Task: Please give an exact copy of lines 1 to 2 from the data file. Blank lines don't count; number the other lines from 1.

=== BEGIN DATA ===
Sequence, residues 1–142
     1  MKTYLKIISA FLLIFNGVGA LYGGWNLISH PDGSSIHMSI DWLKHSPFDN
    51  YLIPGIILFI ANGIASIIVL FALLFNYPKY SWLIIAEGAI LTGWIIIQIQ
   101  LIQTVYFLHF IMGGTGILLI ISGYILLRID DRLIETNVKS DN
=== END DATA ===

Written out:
Sequence, residues 1–142
     1  MKTYLKIISA FLLIFNGVGA LYGGWNLISH PDGSSIHMSI DWLKHSPFDN